– wizzwizz4
    May 8, 2023 at 16:47
  • 3
    @einpoklum I am asking seriously, because (as I intended to mention at the end of my answer) I kicked up a huge fuss in a very confrontational manner, and I was listened to, and they changed stuff in response. Sure, there's lots of stuff they haven't changed, with no reason given (which, given the nature of those issues, I suspect might have to do with secret legal arguments they're keeping in their back pocket), but they're listening. They've even got a chat room open, if you'd prefer to discuss stuff.
    – wizzwizz4
    May 8, 2023 at 16:53
  • 3
    @wizzwizz4: Well, you wanted them to insert more punishable offenses into the CoC. My opposition is in the other direction: I want to undermine the premise of the CoC, and introduce checks on the company rather than the users. About the UK safety bill: 1. SE didn't mention it explicitly, but ok. 2. Why does it apply to SE, which is a US company without activity in the UK? 3. From the first diagram, it seems SE should be "subject to exemptions" 4. Will read the blog post.
    – einpoklum
    May 8, 2023 at 18:50
  • 2
    @einpoklum 1. True – but I can't comment on things I don't understand. If you want details, you can ask. 2. Stack Overflow has a London office; also, these laws tend to apply even if you're not based in the country. 3. What diagram?
    – wizzwizz4
    May 8, 2023 at 19:09
  • 1
    @wizzwizz4: 2. Oh. 3. This diagram
    – einpoklum
    May 8, 2023 at 19:30
  • @einpoklum The exemptions under Schedule 1 (page 178 of the Online Safety Bill) don't apply to Stack Exchange.
    – wizzwizz4
    May 8, 2023 at 19:43
  • 3
    @einpoklum There's now public evidence that they're listening and making changes – even to some stuff I thought they wouldn't be changing. Please consider posting a new answer with your suggestions! Preferably by this Friday; a large company's bureaucracy is slow, and it's no good waiting 'till the last minute.
    – wizzwizz4
    May 10, 2023 at 6:02
  • 1
    @wizzwizz4: (Thought I'd answered this, apparently I haven't) - they're making changes mostly in the wrong direction, and not fixing what's fundamentally broken. You may also want to read this question from a while back.
    – einpoklum
    May 13, 2023 at 9:58
  • 2
    I read that at the time: the very first answer is about them not consulting the community, which they are now doing.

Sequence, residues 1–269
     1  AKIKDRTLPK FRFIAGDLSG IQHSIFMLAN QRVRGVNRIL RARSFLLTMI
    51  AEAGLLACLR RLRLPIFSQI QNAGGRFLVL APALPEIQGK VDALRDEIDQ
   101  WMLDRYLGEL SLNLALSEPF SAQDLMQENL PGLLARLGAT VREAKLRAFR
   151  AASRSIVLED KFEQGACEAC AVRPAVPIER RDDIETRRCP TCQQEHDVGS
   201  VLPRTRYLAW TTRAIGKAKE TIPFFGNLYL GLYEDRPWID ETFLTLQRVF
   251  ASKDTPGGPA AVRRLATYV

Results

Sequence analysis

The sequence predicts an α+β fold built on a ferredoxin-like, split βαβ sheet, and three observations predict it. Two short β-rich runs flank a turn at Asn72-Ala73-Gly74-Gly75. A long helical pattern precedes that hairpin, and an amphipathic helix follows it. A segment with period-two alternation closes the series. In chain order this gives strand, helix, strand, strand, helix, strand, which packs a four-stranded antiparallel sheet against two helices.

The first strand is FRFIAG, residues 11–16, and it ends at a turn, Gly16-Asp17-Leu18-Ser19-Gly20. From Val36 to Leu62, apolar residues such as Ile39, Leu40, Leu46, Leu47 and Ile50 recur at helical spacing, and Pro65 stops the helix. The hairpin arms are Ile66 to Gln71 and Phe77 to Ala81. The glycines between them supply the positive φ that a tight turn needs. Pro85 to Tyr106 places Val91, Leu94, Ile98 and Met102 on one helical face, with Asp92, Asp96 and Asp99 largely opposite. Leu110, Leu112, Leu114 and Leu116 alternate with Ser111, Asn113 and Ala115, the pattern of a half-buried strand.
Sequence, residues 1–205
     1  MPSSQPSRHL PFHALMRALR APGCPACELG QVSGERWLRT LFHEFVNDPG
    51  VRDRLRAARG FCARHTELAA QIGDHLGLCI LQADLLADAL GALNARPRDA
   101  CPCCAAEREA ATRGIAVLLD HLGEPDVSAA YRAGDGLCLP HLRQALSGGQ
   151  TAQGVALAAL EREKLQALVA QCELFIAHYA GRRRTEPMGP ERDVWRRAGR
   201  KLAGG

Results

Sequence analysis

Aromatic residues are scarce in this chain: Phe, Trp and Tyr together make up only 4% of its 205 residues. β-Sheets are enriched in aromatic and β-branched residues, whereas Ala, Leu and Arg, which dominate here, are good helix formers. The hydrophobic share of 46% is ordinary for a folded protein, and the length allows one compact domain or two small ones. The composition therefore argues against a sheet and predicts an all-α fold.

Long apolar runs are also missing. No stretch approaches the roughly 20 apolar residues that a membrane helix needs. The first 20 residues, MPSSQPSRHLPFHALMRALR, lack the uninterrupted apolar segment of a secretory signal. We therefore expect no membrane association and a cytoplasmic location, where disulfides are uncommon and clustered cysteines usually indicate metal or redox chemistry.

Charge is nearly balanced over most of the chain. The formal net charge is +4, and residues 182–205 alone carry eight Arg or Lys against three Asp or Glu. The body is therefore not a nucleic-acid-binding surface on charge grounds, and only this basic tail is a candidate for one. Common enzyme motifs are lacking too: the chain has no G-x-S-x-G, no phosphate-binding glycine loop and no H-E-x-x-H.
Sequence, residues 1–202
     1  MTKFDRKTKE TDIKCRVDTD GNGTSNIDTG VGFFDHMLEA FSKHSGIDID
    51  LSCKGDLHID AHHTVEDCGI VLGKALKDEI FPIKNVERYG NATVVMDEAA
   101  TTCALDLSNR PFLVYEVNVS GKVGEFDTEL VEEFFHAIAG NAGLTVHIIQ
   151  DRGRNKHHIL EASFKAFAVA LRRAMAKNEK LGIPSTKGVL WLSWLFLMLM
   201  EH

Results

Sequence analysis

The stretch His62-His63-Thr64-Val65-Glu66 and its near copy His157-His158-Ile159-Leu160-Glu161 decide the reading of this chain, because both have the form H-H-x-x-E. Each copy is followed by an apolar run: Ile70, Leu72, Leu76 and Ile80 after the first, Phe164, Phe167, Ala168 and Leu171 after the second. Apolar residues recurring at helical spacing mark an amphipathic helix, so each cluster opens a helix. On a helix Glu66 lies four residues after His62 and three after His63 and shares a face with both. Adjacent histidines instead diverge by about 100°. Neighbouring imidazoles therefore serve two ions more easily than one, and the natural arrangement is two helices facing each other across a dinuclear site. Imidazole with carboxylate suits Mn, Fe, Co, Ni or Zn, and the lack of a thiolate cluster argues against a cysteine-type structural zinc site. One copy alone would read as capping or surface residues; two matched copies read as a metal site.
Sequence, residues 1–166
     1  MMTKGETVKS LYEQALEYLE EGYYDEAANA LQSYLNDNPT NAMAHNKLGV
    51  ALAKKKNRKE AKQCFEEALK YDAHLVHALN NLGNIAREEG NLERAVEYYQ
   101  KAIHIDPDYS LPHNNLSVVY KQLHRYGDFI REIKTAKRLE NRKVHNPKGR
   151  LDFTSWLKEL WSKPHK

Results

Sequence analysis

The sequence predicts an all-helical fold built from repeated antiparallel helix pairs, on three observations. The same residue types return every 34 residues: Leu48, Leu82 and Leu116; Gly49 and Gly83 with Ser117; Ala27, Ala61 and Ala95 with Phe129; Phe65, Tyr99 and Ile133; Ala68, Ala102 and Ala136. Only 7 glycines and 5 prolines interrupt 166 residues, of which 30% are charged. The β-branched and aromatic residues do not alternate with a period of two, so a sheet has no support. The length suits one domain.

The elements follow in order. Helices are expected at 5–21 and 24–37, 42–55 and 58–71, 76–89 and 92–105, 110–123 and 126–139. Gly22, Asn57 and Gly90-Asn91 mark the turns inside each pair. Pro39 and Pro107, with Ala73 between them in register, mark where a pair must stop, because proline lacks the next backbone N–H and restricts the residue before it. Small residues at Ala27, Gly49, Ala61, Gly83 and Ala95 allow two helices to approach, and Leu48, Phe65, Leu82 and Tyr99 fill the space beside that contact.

– wizzwizz4
    May 13, 2023 at 14:13
  • 3
    @wizzwizz4: Again, no, they aren't. It's like when they "apologized" for the treatment of Ms. Cellio. They are doing the opposite of what the community wanted and wants them to. But they have now just gotten somewhat better at astro-turfing and presenting their actions as the result of consultation than before. The policies are still basically the same.
    – einpoklum
    May 13, 2023 at 23:12
  • Re: "Hostile Comments", unfortunately the code of conduct does not extend to what happens at Twitter. Some CoCs do cover a concept such as Private harassment, but it's a bit complicated to imagine endorsing someone else's derogatory terms at Twitter serving as a reason for which disciplinary action on Stack Overflow should ensue.
    – E_net4
    May 19, 2023 at 11:22
23

Are AI-generated answers banned under "Disruptive use of tooling" and/or "Inauthentic usage"?

In the section titled "Unacceptable behavior", it states the following (links removed, text otherwise as-is)

  • Disruptive use of tooling - We do not allow any use of privileges in a targeted and disruptive manner that causes harm to the community or compromises the integrity of the content. Read more about our Disruptive Use policy.
  • Inauthentic Usage - We do not allow any use of the system that violates our Acceptable Use policy or directly causes unnecessary and unwanted disruption and/or harm to users and/or the network. Read more about our Inauthentic Usage policy.

It goes on to define that under the section "Inauthentic usage policy" where it bans

  • Artificially boosting the popularity/score of content and/or users.
  • [...]
  • Plagiarizing or copying content from websites, books, or other online and offline tools without proper attribution in a manner that violates our referencing standards.

As ChatGPT-generated answers generally lack citations [i.e., it is presented as if the user wrote it themself, without any mention that it was AI-generated], would that be considered Disruptive usage of tooling, as AI-generated answers are widely considered to be something that "compromises the integrity of the content" and sometimes attract upvotes from people not realizing that they are AI-generated, which is arguably "Artificially boosting the [...] score of content and [...] users"?